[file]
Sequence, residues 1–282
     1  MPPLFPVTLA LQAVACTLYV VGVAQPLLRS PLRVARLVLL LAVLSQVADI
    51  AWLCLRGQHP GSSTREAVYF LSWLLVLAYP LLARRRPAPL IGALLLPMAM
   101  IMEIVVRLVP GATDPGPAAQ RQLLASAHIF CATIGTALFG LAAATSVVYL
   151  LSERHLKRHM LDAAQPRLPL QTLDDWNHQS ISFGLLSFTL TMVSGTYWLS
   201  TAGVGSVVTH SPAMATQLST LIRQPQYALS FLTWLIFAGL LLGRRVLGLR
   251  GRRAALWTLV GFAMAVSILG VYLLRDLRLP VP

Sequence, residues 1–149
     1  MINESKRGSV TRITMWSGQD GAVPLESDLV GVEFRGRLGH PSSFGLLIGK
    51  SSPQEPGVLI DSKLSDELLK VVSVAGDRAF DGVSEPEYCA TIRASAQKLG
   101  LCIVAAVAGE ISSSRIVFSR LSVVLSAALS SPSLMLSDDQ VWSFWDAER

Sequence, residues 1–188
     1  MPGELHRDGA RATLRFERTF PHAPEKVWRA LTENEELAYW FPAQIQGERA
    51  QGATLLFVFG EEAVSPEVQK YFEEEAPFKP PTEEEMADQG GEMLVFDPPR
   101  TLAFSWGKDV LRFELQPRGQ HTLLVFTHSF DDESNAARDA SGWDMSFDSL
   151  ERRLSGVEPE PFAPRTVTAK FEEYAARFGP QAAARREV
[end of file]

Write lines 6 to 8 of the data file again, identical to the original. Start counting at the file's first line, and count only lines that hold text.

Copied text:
   201  TAGVGSVVTH SPAMATQLST LIRQPQYALS FLTWLIFAGL LLGRRVLGLR
   251  GRRAALWTLV GFAMAVSILG VYLLRDLRLP VP

Sequence, residues 1–149